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Feds Order New Exam

Second autopsy in Mo. shooting

August 18, 2014
The Intelligencer / Wheeling News-Register

FERGUSON, Mo. - U.S. Attorney General Eric Holder on Sunday ordered a federal medical examiner to perform another autopsy on a black Missouri teenager whose fatal shooting by a white police officer has spurred a week of rancorous and sometimes violent protests in suburban St. Louis.

The "extraordinary circumstances" surrounding the death of 18-year-old Michael Brown and a request by Brown's family members prompted the order, Department of Justice spokesman Brian Fallon said in a statement.

"This independent examination will take place as soon as possible," Fallon said. "Even after it is complete, Justice Department officials still plan to take the state-performed autopsy into account in the course of their investigation."

Article Photos

AP?Photo/Protesters march down the middle of a street, Friday in front of a convenience store that was looted and burned following the shooting death of Michael Brown by police nearly a week ago in Ferguson, Mo.

The Justice Department already had deepened its civil rights investigation into the shooting.

Officials said a day earlier that 40 FBI agents were going door-to-door gathering information in the Ferguson, Mo., neighborhood where Brown, who was unarmed, was shot to death in the middle of the street on Aug. 9.

David Weinstein, a former federal prosecutor who supervised the criminal civil rights section of Miami's U.S. Attorney's office, said a federally conducted autopsy "more closely focused on entry point of projectiles, defensive wounds and bruises" might help that investigation, and that the move is "not that unusual."

He also said federal authorities want to calm any public fears that no action will be taken on the case.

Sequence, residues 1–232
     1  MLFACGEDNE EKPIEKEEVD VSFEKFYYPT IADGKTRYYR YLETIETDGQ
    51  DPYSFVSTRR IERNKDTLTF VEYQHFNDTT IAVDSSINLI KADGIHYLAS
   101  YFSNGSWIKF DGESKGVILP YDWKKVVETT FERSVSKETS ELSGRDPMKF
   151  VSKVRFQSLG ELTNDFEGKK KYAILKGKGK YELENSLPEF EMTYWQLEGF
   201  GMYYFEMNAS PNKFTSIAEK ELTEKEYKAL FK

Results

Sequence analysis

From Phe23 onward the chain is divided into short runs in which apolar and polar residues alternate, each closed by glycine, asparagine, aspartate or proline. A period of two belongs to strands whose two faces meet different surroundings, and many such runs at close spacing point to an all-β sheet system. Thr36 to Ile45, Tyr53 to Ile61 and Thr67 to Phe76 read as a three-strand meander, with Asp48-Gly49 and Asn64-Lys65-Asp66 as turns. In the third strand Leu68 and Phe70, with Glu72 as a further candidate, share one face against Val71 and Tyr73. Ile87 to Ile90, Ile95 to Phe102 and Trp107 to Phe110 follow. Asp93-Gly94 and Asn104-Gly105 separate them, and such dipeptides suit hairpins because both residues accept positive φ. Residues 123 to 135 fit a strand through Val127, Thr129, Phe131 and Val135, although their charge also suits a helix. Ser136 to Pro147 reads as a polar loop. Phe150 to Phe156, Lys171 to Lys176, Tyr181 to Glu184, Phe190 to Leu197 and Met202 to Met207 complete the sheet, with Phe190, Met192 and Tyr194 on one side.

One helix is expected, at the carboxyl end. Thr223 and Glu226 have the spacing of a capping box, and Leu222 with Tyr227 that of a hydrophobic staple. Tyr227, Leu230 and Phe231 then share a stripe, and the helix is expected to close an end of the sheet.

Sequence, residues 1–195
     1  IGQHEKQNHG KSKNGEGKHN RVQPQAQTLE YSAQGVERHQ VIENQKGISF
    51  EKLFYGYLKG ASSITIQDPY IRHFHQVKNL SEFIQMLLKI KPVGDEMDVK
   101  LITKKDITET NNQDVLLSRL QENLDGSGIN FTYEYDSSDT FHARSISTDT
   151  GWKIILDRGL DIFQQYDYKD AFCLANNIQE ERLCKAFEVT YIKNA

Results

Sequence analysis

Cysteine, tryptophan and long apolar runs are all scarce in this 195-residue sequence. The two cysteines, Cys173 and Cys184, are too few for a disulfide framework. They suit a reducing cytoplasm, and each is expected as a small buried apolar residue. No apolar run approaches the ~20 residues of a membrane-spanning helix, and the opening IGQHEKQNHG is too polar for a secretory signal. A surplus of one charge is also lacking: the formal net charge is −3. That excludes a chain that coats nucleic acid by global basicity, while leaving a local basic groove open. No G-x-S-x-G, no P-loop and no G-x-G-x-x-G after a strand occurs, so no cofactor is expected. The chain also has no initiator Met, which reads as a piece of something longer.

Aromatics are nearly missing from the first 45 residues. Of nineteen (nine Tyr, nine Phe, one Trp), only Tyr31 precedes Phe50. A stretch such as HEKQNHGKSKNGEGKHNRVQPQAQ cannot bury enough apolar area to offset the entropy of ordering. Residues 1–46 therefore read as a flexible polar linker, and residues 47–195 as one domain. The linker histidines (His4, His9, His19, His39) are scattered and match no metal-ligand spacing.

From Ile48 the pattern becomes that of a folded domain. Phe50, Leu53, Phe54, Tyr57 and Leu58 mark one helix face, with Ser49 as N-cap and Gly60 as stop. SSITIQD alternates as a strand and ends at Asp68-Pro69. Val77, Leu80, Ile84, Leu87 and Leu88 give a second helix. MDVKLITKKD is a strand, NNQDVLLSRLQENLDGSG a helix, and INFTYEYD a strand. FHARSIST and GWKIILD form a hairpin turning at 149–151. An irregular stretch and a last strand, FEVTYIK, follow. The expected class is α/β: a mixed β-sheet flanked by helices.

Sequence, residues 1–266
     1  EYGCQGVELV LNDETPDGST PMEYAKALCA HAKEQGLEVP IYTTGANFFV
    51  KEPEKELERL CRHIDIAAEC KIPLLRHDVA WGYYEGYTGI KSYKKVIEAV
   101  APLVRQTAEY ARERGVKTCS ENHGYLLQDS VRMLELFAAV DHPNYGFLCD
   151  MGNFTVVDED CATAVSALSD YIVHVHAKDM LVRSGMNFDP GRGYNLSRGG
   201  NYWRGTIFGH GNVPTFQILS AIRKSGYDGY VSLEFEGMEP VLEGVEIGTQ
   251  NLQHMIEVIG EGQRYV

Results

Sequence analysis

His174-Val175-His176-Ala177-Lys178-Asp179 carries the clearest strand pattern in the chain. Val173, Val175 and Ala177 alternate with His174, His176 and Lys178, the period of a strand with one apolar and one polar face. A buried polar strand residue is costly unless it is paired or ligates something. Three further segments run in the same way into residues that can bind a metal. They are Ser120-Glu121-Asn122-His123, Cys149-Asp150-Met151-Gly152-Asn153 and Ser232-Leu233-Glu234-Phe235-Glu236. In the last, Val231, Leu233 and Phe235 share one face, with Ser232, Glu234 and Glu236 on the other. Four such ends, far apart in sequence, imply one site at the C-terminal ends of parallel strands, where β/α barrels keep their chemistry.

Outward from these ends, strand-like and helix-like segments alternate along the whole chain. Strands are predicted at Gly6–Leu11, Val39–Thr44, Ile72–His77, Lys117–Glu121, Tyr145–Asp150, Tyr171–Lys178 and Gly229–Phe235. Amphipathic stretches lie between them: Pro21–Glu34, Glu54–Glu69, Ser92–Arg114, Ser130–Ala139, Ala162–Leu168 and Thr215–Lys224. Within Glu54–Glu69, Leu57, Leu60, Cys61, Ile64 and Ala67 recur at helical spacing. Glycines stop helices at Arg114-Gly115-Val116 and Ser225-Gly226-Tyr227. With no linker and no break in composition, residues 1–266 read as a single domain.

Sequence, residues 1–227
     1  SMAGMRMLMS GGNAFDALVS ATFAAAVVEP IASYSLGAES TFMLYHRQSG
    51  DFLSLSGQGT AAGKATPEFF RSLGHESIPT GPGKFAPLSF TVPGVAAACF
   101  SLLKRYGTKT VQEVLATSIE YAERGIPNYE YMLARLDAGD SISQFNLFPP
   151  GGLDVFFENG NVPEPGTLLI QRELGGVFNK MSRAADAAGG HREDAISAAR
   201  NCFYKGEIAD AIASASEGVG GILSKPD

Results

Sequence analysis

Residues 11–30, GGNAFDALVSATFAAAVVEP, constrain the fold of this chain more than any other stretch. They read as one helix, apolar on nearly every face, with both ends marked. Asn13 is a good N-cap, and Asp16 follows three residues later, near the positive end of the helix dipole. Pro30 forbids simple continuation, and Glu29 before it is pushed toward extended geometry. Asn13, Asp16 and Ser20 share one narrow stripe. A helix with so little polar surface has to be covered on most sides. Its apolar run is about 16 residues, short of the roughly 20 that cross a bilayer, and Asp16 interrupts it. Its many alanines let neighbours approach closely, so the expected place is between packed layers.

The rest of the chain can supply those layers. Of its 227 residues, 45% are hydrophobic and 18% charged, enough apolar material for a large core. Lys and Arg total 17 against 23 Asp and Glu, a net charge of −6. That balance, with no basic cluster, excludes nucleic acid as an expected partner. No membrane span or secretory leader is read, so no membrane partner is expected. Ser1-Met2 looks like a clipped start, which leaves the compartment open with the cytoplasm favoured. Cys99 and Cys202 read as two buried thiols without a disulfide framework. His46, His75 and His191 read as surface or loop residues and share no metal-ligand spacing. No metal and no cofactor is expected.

President Barack Obama, who has been getting regular briefings on the situation in Ferguson while on vacation, also was to be briefed by Holder upon returning to the White House today.

The Justice Department's latest announcement followed the first night of a state-imposed curfew in Ferguson, which ended with tear gas and seven arrests after police dressed in riot gear used armored vehicles to disperse defiant protesters.

Missouri State Highway Patrol Capt. Ron Johnson said protesters weren't the reason for the escalated police reaction early Sunday after the midnight curfew took effect, but a report of people who had broken into a barbecue restaurant and taken to the roof, and a man who flashed a handgun in the street as armored vehicles approached the crowd of protesters.

Also overnight, a man was shot and critically wounded in the same area, but not by police; authorities were searching for the shooter. Someone also shot at a police car, officials said.

The protests have been going on since Brown's death heightened racial tensions between the predominantly black community and mostly white Ferguson Police Department, leading to several run-ins between police and protesters and prompting Missouri's governor to put the Highway Patrol in charge of security.

Ferguson Police waited six days to publicly reveal the name of the officer and documents alleging Brown robbed a convenience store before he was killed, though Chief Thomas Jackson said the officer did not know Brown was a suspect when he encountered him walking in the street with a friend.

 
 
 

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